The Forbidden Kingdom
The Forbidden Kingdom is a 2008 Hollywood martial arts-adventure film directed by Rob Minkoff. It is the first film starring together two of the most well-known names in the martial arts film genre, Jackie Chan and Jet Li.
Lu Yan 
- Remember what I taught you.
- Praying Mantis, very good. For catching bugs, but not tigers.
- Kung-Fu. Hard work over time to accomplish skill. A painter can have kung-fu. Or the butcher who cuts meat every day with such skill his knife never touches bone.
- The musician can have kung-fu, or the poet who paints pictures with words and makes emperors weep. This, too, is kung-fu.
- Formless, nameless, the true master dwells within. Only you can free him.
Monkey King 
- [grinning impishly and merrily at the Jade Warlord] My turn!
The Silent Monk 
- Learn the form, but seek the formless. Hear the soundless. Learn it all, then forget it all. Learn The Way, then find your own way.
- But do not name it, my friend, for it is like water. Nothing is softer than water yet it can overcome rock. It does not fight. It flows around the opponent.
Ni Chang 
- How romantic. Men will tell you what you want to hear, Sparrow, but in the end they will leave you with nothing!
HISHAAM AND PAYMAN ARE BEST
- Jason Tripitikas: I can't understand you!
- Lu Yan: [in English, when he previously spoke in a Chinese dialect] That's because you're not listening!
- Silent Monk: What about two tigers, one mountain?
- Lu Yan: We can kill each other when this is over.
- Lu Yan: "How can you fill your cup when it's full? Empty Your Cup."
- [Jason tosses tea out of his cup; it falls on the fire and puts it out]
- Lu Yan: "It is hopeless! Hopeless!"
- Golden Sparrow: How good is your kung fu?
- Lu Yan: He's got no kung fu. None!
- Jason Tripitikas: How long as he been imprisoned?
- Lu Yan: Five hundred years, give or take a few decades.
- Jason: So how do I get home?
- Lu Yan: You must return the staff you Five Elements Mountain, you must free the Monkey King!
- Jason: I don't wanna free the Monkey King I wanna go home
- Lu Yan: (ignoring Jason for the moment) Innkeeper, more wine!
- Jason: Don't you think you had enough?
- Lu Yan: In some areas I'm known as a poet and storyteller.
- [inkeeper arrives with the bill]
- Lu Yan: In other areas I'm known as a beggar. [gently moves the innkeeper towards Jason for him to pay]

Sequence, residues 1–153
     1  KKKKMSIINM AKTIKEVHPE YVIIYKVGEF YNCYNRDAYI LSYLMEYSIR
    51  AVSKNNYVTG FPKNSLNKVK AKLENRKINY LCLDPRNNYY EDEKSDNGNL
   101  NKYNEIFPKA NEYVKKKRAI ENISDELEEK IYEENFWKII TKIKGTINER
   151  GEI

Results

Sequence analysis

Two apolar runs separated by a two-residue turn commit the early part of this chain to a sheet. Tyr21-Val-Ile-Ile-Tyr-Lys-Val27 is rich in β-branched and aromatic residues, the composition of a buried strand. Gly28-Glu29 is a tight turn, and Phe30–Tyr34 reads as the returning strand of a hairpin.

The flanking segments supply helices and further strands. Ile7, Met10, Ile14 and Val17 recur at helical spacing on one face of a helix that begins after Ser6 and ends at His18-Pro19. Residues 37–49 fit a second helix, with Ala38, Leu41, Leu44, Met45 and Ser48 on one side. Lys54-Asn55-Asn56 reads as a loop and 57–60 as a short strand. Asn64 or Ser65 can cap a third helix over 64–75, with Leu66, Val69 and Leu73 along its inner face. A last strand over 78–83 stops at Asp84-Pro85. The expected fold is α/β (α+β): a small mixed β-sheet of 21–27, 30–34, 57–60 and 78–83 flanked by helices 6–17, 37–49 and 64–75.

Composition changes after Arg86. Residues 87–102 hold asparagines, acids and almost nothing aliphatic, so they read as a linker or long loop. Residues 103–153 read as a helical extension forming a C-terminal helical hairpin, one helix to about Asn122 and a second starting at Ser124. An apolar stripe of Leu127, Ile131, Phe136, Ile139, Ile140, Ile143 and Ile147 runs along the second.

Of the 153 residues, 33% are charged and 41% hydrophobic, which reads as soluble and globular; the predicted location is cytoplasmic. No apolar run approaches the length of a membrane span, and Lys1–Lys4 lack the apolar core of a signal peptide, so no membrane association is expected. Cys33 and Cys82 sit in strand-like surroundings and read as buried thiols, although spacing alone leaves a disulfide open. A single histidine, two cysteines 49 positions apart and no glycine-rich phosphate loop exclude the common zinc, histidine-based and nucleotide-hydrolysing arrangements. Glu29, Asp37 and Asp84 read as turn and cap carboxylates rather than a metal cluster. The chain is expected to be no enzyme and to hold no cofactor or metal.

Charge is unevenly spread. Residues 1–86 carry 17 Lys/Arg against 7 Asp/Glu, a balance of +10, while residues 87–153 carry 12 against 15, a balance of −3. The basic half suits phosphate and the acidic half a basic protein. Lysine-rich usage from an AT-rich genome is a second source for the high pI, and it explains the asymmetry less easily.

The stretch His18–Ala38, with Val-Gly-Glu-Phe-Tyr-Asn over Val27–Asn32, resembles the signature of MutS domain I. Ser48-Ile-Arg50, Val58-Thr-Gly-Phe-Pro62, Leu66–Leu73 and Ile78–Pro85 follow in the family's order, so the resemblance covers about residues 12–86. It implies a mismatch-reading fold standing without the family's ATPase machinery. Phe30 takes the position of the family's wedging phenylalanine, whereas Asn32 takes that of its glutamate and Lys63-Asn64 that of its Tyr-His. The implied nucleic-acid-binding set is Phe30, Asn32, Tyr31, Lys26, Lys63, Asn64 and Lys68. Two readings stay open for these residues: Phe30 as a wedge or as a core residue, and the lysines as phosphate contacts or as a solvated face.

- [Lu Yan is in bed, dying from his arrow wound]
- Lu Yan: When I was your age, I was a scholar-warrior in training. My arrow was good, so too my kung fu. I was chosen to take the several exams. To pass would place me among a short line of scholar immortals. I failed.
- Jason: You're not immortal?
- Lu Yan: If one does not attach himself to people and desires, never shall his heart be broken. ....But then, does he ever truly live? I'd rather die a mortal, with a care for someone, than to live as an immortal free from his death.
- Jason: I don't wanna lose you.
- Lu Yan: Forget about me.
- Lu Yan: It is said that master and student walk side-by-side, sharing their fate, until they go their separate ways.
- Jason: I will never forget you.
- Lu Yan: I guess that's what being immortal truly means.
- Jason: Is this a dream?
- Lu Yan: No, where you come from is the dream, through the gate of no gate.
- Jason: What is that, like a wormhole or something?
- Lu Yan: No, either you are a Zen Master, or you carry something very special.
- Jason: [points to the staff] This? It was in a pawnshop waiting for a guy to pick it up, and return it to its rightful owner.
- [guards come into the inn]
- Jason: What are we gonna do?
- Lu Yan: How good is your Kung Fu?
- [Jason does not reply immediately]
- Lu Yan: Ah! He who speaks, does not know. He who knows, does not speak. Surely, you're masterful.
- Jade Warlord: The seeker from the prophecy. Not quite what I expected.
- Jason Tripitikas: A man is dying on Song Mountain. I need the elixir.
- Jade Warlord: The power to save a life for the power to rule a kingdom, a most generous offer. This man, a good friend?
- Jason Tripitikas: And a good teacher.
- Jade Warlord: The man who honors his teacher honors himself.